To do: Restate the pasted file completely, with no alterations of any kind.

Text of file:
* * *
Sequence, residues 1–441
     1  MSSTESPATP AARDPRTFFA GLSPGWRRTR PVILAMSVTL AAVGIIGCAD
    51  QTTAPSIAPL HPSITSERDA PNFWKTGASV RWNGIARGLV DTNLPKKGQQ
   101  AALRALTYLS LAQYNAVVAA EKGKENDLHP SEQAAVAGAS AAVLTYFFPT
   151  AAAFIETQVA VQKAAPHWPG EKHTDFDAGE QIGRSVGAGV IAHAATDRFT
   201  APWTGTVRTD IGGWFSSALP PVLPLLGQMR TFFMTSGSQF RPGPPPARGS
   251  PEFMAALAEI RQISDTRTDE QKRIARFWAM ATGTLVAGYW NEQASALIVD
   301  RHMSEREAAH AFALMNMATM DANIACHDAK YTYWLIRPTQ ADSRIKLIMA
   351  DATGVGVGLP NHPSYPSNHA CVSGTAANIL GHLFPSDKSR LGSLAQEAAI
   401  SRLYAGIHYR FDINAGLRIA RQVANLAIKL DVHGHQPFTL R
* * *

Sequence, residues 1–441
     1  MSSTESPATP AARDPRTFFA GLSPGWRRTR PVILAMSVTL AAVGIIGCAD
    51  QTTAPSIAPL HPSITSERDA PNFWKTGASV RWNGIARGLV DTNLPKKGQQ
   101  AALRALTYLS LAQYNAVVAA EKGKENDLHP SEQAAVAGAS AAVLTYFFPT
   151  AAAFIETQVA VQKAAPHWPG EKHTDFDAGE QIGRSVGAGV IAHAATDRFT
   201  APWTGTVRTD IGGWFSSALP PVLPLLGQMR TFFMTSGSQF RPGPPPARGS
   251  PEFMAALAEI RQISDTRTDE QKRIARFWAM ATGTLVAGYW NEQASALIVD
   301  RHMSEREAAH AFALMNMATM DANIACHDAK YTYWLIRPTQ ADSRIKLIMA
   351  DATGVGVGLP NHPSYPSNHA CVSGTAANIL GHLFPSDKSR LGSLAQEAAI
   401  SRLYAGIHYR FDINAGLRIA RQVANLAIKL DVHGHQPFTL R